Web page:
I gathered more information from the gentleman as we traded emails filled with images and lists of cards in the collection and I built a "virtual" collection to evaluate. There were many High Numbers from 1952 Topps (including the #311 Mantle, 2 #312 Jackie Robinsons and a #407 Eddie Mathews), Yankees and Dodgers galore from 1953 Topps including 3 #1 Jackie Robinsons, Willie Mays, Satchel Paige and a few 1954 Topps including an Ernie Banks #94 rookie card. Additionally, there were some more "modern" hockey cards that the man's son had collected, including several O-Pee-Chee rookies of Wayne Gretzky (1979) and Mark Messier and Ray Bourque from 1980. With a great amount of images, I built a spreadsheet of the cards, their approximate condition and relative retail values and I was able to prepare an accurate valuation of the collection as well as present a purchase offer for the collection.
We discussed the values and the conditions of the cards and I explained how we arrived at the values and what our purchase offer would be based upon the market value of the collection. I presented our offer and discussed the possibility of shipping the cards to us at our expense on our FedEx account. While the gentleman wanted to take everything on good faith and although we had reached an agreement on a purchase price, there was a part of him that worried about sending something of such value to someone that he'd only spoken to on the telephone a few times. And honestly, I don't blame him, or anyone else that we deal with over long distances, for having such apprehension. Likewise, we're not in the habit of forwarding thousands of dollars in payment and then waiting for delivery of the collection, so we had some obstacles to overcome.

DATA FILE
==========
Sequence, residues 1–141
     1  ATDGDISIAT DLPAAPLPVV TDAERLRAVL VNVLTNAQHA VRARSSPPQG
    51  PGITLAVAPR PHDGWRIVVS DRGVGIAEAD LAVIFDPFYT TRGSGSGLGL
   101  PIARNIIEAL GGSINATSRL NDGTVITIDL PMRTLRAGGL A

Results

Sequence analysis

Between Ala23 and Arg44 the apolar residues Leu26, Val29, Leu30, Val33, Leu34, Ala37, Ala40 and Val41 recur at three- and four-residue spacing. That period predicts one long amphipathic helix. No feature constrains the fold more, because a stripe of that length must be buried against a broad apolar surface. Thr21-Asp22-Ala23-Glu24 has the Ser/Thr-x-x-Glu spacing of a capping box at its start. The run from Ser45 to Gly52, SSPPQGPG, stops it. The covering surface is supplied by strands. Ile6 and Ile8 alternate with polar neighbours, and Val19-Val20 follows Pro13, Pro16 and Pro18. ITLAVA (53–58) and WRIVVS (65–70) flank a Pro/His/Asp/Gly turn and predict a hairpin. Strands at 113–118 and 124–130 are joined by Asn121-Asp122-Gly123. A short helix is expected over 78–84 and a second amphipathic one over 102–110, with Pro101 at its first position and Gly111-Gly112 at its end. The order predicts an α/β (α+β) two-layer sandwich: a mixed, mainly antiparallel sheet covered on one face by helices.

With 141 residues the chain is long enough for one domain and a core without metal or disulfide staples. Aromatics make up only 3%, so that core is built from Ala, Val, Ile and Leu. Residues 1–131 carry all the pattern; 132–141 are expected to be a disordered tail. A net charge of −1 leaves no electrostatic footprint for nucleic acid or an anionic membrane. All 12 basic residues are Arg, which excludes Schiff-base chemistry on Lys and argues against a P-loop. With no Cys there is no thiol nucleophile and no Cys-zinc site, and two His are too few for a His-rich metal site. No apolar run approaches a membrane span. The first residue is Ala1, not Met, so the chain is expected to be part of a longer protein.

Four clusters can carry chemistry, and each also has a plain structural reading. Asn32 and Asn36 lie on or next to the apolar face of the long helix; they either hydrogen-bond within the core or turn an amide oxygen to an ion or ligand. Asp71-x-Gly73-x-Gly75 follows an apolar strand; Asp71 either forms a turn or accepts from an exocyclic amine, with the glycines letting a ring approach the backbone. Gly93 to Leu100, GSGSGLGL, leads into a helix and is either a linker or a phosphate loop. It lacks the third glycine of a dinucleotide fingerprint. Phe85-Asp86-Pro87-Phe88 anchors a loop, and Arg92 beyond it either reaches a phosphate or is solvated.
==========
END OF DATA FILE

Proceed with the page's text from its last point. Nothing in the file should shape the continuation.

Since traveling 3000 miles (or 4800 kilometers) to Vancouver wasn't something that we had on our agenda at any point in the near future and while it was a significant collection in its entirety, we couldn't justify a cross-country, international excursion without some additional time and advance planning although we have made arrangement on large collections on very short notice. Luckily, we've made many friends through the years and were able to call on one to lend us a helping hand, assuming we were able to negotiate with the seller of the collection.